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Arch Dis Child. 2007 December; 92(12): 1113–1117.
Published online 2007 April 27. doi:  10.1136/adc.2006.113001
PMCID: PMC2066066

Diagnosing abuse: a systematic review of torn frenum and other intra‐oral injuries

Sabine Maguire, Bruce Hunter, Lindsay Hunter, Jo Richard Sibert, Mala Mann, and Alison Mary Kemp, for the Welsh Child Protection Systematic Review Group



A torn labial frenum is widely regarded as pathognomonic of abuse.


We systematically reviewed the evidence for this, and to define other intra‐oral injuries found in physical abuse. Nine studies documented abusive torn labial frena in 30 children and 27 were fatally abused: 22 were less than 5 years old. Only a direct blow to the face was substantiated as a mechanism of injury.


Two studies noted accidentally torn labial frena, both from intubation. Abusive intra‐oral injuries were widely distributed to the lips, gums, tongue and palate and included fractures, intrusion and extraction of the dentition, bites and contusions.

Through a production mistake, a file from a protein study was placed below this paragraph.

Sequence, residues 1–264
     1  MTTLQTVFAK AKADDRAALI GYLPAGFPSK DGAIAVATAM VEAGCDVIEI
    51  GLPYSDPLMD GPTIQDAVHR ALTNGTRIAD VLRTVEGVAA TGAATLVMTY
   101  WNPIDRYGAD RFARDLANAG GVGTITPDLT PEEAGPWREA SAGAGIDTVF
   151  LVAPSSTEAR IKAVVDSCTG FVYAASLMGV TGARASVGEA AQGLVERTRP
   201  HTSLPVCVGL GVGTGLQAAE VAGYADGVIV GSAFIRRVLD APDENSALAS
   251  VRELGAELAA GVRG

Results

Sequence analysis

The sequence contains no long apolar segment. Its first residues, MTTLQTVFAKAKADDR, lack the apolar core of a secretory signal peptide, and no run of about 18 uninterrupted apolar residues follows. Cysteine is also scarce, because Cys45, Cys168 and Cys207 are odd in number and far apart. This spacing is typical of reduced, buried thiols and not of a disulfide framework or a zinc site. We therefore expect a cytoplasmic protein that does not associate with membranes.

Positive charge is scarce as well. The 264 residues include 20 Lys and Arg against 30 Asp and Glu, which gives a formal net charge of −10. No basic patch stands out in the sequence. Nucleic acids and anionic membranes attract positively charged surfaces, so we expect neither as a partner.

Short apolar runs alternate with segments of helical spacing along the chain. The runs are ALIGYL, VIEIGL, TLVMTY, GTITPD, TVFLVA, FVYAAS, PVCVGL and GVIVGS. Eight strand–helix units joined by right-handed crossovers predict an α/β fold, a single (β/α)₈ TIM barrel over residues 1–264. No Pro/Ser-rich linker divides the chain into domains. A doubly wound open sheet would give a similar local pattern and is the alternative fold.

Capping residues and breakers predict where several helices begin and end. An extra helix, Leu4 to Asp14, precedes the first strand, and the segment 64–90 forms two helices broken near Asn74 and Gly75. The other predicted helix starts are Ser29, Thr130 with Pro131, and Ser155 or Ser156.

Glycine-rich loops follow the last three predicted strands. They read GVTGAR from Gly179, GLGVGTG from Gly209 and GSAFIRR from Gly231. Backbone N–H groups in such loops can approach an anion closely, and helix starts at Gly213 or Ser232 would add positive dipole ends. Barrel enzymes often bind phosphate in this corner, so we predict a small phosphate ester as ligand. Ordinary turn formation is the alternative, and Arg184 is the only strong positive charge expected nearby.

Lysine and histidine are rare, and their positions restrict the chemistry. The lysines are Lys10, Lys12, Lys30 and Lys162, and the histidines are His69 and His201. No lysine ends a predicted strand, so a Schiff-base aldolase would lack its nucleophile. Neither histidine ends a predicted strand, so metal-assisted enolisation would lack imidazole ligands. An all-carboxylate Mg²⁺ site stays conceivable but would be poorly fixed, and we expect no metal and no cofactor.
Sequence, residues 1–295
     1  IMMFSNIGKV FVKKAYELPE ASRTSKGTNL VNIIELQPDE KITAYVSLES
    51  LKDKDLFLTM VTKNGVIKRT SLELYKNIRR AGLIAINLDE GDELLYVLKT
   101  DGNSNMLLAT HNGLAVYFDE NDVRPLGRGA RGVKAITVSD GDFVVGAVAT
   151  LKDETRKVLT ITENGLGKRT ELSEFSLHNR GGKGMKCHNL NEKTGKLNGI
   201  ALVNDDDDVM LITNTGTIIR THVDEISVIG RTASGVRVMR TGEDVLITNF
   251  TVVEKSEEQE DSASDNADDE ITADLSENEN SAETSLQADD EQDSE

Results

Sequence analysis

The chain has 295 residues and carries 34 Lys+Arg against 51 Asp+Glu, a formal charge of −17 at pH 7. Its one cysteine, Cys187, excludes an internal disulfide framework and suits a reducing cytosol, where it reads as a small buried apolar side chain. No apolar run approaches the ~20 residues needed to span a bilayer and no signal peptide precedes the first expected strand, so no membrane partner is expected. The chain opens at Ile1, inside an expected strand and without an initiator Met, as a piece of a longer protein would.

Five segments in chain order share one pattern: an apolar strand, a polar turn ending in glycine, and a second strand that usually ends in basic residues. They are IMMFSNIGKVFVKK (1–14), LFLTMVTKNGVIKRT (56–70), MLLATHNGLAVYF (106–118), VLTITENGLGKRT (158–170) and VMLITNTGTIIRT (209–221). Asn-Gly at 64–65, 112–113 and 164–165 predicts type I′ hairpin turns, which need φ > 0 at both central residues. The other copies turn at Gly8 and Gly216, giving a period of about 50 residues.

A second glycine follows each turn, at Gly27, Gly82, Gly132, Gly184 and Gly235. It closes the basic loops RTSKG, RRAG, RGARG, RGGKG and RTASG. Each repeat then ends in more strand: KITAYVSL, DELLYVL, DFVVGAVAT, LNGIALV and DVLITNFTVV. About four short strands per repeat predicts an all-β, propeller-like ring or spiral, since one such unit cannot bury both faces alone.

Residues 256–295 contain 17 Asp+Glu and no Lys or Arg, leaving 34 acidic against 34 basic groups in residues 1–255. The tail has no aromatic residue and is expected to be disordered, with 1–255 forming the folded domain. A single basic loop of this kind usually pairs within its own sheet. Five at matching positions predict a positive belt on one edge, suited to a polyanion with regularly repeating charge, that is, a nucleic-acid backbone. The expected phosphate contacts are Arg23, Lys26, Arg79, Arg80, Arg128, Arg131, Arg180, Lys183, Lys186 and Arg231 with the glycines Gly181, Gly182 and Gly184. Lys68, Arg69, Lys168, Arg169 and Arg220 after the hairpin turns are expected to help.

Current literature does not support the diagnosis of abuse based on a torn labial frenum in isolation. The intra‐oral hard and soft tissue should be examined in all suspected abuse cases, and a dental opinion sought where abnormalities are found.

Keywords: abuse, frenum, intra‐oral injury, torn labial frenum, systematic review

Facial and intra‐oral trauma has been described in up to 49% of infants and 38% of toddlers who have been physically abused.1,2 A torn labial frenum (often referred to as frenulum or phrenum) is widely believed by paediatricians to be pathognomonic of abuse,3 and has been described as the most common abusive injury to the mouth.4,5 Several abusive mechanisms have been proposed and include forced feeding,6 gagging, gripping and violent rubbing of, or a direct blow to, the upper lip.7,8 A torn labial frenum, however, is regarded as a trivial intra‐oral injury by dental practitioners, as it is likely to heal spontaneously with minimal complications, and is not reported in large‐scale dental trauma surveys.9

It is estimated that up to 50% of all school‐age children sustain accidental dental injuries,10 challenging clinicians to distinguish between abusive and non‐abusive injuries to the mouth.